How does End of Arm Tooling fit within robotic integration
When engineers integrate industrial robots into a manufacturing facility, the benefits are vast, and the increased productivity is widespread. Gains in production time, usage of labor efficiently and downtime becomes deterred. It’s important to note that while industrial robots would be considered for integration their ability to handle large loads and work overtime are just the tip of the spear. The end effectors attached to an industrial robots wrists, also known as End of Arm Tooling (EOAT), provide the basis for application success.
It’s important to note that when attaching an EOAT to an industrial robot the project must take into account the number of axes. The importance comes into play when robots need to reach any point on a plane. For this to occur there must be two axes available on the robot. A level higher at three axes affords the ability to reach any point in space. Finally, full control of an EOAT requires three or more axes of an industrial robot to process the ability for application completion.
The rise of End of Arm Tooling
The Robotics Industries Association (RIA) lays out the need for this crucial component at the forefront of an article about the latest trends in intelligent robot end-of-arm tooling.”The role of robot end-of-arm tooling has never been more important. With robot users demanding more versatility in their processes, manufacturers are under pressure to deliver flexible, intelligent end-of-arm tooling (EOAT) that adds value to the overall system. From servo grippers and hybrid tooling to advanced tool changers and control modules, today’s EOAT is not only easier to implement and simpler to use, but it’s also down right smart.”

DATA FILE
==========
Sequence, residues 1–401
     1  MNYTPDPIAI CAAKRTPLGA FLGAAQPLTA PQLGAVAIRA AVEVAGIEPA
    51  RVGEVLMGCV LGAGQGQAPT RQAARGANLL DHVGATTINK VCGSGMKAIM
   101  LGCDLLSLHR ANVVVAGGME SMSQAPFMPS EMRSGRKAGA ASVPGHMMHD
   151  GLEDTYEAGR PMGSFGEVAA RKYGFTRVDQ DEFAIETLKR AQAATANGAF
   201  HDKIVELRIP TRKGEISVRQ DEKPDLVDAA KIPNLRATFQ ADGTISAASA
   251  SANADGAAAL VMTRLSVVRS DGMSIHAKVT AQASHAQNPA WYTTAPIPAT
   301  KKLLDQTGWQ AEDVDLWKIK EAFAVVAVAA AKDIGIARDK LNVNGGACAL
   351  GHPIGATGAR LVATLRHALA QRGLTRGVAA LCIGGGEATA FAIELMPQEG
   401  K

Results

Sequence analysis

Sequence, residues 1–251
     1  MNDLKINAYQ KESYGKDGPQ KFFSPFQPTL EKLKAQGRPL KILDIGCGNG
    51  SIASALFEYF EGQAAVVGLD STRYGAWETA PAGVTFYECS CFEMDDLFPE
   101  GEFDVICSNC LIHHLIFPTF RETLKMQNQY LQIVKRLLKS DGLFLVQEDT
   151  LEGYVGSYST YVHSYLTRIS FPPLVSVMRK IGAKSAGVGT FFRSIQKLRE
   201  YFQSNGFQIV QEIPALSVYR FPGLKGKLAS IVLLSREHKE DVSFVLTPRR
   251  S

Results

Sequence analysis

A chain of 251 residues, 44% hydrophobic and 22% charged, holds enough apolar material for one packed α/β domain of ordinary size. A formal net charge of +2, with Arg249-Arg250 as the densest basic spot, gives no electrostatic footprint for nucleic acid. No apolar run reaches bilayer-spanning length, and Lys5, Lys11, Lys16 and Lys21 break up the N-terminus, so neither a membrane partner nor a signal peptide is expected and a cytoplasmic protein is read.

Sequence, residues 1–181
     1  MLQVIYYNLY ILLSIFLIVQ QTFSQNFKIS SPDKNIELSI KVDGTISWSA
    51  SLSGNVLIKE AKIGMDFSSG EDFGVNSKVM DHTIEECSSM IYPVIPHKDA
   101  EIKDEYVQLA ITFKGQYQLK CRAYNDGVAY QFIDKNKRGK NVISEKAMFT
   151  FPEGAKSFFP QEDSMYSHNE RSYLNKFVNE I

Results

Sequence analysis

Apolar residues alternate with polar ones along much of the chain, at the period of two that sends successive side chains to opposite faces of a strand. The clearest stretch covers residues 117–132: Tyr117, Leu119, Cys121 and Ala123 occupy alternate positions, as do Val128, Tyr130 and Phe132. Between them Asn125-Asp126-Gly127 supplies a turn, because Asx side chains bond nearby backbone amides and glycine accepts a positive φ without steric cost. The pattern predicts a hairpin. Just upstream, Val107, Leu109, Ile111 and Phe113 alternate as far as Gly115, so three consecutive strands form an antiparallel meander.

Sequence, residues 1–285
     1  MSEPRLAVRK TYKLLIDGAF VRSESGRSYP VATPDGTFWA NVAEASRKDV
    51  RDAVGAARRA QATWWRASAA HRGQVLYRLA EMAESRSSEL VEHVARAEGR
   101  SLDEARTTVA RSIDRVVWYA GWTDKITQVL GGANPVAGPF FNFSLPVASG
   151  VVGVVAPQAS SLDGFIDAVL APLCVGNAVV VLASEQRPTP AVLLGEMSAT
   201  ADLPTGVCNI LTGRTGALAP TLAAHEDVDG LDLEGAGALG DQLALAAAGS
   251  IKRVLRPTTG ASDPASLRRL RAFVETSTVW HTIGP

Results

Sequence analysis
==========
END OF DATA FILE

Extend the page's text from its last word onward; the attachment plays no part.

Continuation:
“The role of robot end-of-arm tooling has never been more important. With robot users demanding more versatility in their processes, manufacturers are under pressure to deliver flexible, intelligent end-of-arm tooling (EOAT) that adds value to the overall system. From servo grippers and hybrid tooling, to advanced tool changers and control modules, today’s EOAT is not only easier to implement and easier to use, it’s down right smart.”
The article mainly points to not only the importance of this vital part but that without an adequately designed tool to navigate and manage complex applications, robotic integration is not complete. It’s important to consider the different types of applications that a robotic integration project would be needed. EOAT will handle applications such as pick and place, welding, deburring, material use, loading and unloading tasks. In most cases, only one EOAT would be needed to jumpstart any of the applications above.
End of Arm Tooling Trends
Popular EOAT’s include grippers that are essential tools within any robotic set-up. The RIA article on the latest trends included a section on a servomotor bag gripper, which allowed for the on-the-fly adjustments for bags of different sizes. Another trend highlighted was the use a modular vacuum gripper. The application called for movement and placement of brick pavers which the gripper, made of largely engineered foam, handled with ease.
ICR’s robotics division possesses an extensive knowledge base and experience developing application specific EOATs. The various robotic integration projects completed by the ICR team have not only wowed customers but also have showed impressive ingenuity. We have posted a few videos featuring our EOATs within different applications. Let us know if a project is on the horizon and an ICR robotics specialist will consult.
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